Deke Rivers is a delivery man who is discovered by publicist Glenda Markle and country-western musician Tex Warner who want to promote the talented newcomer to fame and fortune, giving him ...
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Tulsa is a specialist in the US Army stationed in Germany. He loves to sing and has dreams to run his own nightclub when he leaves the army....but dreams don't come cheap. Tulsa places a ... See full summary »
When he completes his military service Walter Gulick returns to his birthplace, Cream Valley, New York. He was orphaned as an infant and grew up elsewhere but always wanted to return to ... See full summary »
Mike works on a boat in Acapulco. When the bratty daughter of the boat owner gets him fired, Mike must find new work. Little boy Rauol helps him get a job as a lifeguard and singer at a ... See full summary »
Charlie Rogers is a leather-jacketed biker who's fired from a singing engagement after getting into a fight with a group of college toughs. While riding his cycle to the next gig, an irate ... See full summary »
When he finds out his boss is retiring to Arizona, a sailor has to find a way to buy the Westwind, a boat that he and his father built. He is also caught between two women: insensitive club singer Robin and sweet Laurel.
When the Kwimper family car runs out of gas on a new Florida highway and an officous state supervisor tries to run them off, Pop Kwimper digs in his heels and decides to do a little ... See full summary »
Deke Rivers is a delivery man who is discovered by publicist Glenda Markle and country-western musician Tex Warner who want to promote the talented newcomer to fame and fortune, giving him every break he deserves. Romantic complications arise as Susan, another singer in the group, offers him devoted admiration as Glenda leads him on with promises of a golden future. Written by
Dolores Hart sings "Detour" in the film. The song was originally a hit sung by Patti Page. Her husband worked as a choreographer for this film. See more »
[Wayne is trying to persuade Deke to sing at the Buckhorn tavern after being politely refused]
Now I told my girl I could get you to sing! A man can't go back on his word, can he, fella?
Look, maybe you didn't hear me... "fella", but Mr. Rivers doesn't sing in juke joints. So how about going back over there and drink your malted, huh?
[Wayne shoves Skeeter to the floor, girls gasp]
Hey, are these music people causing some trouble here?
There's no trouble, sir. You mind if I...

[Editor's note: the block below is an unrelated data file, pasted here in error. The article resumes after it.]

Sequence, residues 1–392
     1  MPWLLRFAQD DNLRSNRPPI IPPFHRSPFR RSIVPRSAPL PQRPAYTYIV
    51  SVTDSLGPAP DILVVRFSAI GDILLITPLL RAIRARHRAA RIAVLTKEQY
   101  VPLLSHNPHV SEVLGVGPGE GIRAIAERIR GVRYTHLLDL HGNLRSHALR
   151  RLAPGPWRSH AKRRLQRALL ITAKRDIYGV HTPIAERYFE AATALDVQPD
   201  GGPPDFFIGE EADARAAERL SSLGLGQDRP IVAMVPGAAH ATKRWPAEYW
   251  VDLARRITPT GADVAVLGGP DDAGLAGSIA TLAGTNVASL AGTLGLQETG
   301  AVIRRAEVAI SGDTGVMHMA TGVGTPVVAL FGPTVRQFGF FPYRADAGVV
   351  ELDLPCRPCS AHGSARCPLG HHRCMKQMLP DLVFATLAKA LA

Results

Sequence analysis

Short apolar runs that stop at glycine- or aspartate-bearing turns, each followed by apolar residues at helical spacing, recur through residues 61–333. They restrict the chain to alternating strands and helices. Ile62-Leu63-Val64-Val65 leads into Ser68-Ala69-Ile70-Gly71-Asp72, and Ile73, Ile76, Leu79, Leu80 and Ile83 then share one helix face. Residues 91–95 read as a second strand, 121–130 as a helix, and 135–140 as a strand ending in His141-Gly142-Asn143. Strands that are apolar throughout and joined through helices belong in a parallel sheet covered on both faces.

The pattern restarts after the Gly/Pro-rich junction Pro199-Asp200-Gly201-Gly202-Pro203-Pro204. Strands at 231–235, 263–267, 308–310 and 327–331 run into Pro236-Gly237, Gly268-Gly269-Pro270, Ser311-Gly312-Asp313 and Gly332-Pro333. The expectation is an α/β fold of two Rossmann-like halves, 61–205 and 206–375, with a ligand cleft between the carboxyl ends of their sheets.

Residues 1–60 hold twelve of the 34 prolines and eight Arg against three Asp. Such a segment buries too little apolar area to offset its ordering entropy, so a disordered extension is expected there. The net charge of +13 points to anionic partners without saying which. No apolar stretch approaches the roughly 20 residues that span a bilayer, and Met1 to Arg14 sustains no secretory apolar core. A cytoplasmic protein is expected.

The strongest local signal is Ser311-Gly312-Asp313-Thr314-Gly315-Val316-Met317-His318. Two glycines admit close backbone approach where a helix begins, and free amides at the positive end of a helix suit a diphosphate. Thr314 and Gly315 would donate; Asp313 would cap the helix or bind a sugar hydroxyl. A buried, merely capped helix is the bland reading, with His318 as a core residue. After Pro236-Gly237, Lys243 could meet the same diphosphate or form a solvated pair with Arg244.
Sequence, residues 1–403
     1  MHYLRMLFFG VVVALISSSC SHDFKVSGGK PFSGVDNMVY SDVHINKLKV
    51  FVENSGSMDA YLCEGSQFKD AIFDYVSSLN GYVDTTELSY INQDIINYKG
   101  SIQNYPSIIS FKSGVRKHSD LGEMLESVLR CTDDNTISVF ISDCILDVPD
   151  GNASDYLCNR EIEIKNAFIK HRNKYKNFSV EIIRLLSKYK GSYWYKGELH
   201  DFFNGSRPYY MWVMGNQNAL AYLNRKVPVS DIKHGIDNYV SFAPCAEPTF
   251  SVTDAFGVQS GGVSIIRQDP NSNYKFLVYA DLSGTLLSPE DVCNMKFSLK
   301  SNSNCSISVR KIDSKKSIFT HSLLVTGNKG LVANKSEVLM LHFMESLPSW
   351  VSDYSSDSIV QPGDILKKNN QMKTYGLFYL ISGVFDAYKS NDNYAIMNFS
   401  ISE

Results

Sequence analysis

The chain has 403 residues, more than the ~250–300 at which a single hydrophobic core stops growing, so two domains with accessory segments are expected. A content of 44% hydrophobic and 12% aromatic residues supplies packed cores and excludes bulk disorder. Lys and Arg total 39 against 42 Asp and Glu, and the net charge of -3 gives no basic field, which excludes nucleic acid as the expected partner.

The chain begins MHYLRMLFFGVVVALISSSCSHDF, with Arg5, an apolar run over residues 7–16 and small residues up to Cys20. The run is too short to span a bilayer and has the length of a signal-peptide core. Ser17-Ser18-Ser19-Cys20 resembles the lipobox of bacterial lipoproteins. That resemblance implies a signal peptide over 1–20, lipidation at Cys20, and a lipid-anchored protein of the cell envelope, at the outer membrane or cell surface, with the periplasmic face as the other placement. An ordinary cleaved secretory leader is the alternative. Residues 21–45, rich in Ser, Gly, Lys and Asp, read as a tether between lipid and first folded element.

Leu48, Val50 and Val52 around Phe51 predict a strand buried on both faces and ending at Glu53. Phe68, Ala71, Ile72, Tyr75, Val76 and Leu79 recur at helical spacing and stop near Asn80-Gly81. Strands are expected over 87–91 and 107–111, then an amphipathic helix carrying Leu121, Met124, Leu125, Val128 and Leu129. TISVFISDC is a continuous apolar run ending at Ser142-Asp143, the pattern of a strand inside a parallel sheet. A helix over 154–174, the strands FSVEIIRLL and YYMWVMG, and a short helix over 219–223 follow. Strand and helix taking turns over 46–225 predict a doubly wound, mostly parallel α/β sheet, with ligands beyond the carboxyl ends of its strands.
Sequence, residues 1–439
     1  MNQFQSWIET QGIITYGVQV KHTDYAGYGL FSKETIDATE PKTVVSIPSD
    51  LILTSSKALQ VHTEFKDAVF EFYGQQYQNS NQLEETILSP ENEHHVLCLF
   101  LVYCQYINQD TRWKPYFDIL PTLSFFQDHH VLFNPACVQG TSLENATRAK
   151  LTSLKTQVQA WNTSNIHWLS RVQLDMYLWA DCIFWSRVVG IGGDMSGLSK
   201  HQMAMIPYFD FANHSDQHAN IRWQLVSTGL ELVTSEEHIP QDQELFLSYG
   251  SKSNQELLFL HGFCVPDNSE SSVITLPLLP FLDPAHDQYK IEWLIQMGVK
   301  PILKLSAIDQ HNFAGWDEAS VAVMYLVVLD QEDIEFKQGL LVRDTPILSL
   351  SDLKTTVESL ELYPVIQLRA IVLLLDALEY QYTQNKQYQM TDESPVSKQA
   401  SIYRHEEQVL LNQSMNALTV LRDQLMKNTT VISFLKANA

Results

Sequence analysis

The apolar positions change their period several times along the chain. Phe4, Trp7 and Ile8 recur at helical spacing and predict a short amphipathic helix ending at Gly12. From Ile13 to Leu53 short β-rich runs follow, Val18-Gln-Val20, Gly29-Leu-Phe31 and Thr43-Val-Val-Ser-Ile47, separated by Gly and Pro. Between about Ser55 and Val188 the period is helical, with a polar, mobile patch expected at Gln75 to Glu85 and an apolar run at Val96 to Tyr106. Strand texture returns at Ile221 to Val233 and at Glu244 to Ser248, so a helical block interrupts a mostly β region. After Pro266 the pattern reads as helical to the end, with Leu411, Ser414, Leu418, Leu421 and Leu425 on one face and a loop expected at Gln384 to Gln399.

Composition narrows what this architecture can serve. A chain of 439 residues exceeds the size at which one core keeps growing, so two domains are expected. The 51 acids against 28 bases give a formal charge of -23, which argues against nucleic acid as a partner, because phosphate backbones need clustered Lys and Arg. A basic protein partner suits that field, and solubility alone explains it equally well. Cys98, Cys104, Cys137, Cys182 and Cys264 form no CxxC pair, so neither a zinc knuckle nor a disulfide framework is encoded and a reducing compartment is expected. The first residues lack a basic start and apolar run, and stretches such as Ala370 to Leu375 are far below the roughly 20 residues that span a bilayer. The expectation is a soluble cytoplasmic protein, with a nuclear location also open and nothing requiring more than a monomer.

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Elvis(now with dyed jet black hair) in his second feature is wonderful and this film is very much a testament to his early acting ability and the raucous sound that was Rock 'n' Roll.
Whether it was the title ballad or 'Got A Lot O' Livin' To Do' or 'Party' or 'Teddy Bear'-they were all golden hits in their own right. It's fantastic to see Elvis perform these numbers in this film, and one might say heartbreaking to watch as we witness that innocence of youth that was at the start of a roller-coaster ride of centuries worth of adulation and respect(at last).
Unlike, his previous debut film, 'Love Me Tender', the 'Loving You' story isn't too demanding as we are treated to a semi-autobiography about a working class boy who hits the big time with those good looks, golden voice and shaky leg. The young Elvis handles the dramatic scenes very well as he did in 'Love Me Tender', he's no James Dean but the makings are there. Wendell Corey is great as the band leader and future Nun, Dolores Hart plays it nice in her film debut.
Another aspect of this movie falls into place in the form of Lizabeth Scott's character who wheels and deals the fate of the travelling show band and gives us an insight into the canny manipulation of publicity that is forever part of an unpredictable business. Did she take lessons from Tom Parker for this one?
This is truly a great Rock 'n' Roll movie that was beautifully filmed and well-directed, and for any fan of that era has got to be amongst their favourites. On the other hand, if you're not a fan of Elvis or that kind of music, just sit back and enjoy the ride because it's such a feel-good kind of thing, especially watching 'The King' portray a young man very similar in character to himself and goes by the name of an equally distinguished name-Deke Rivers.
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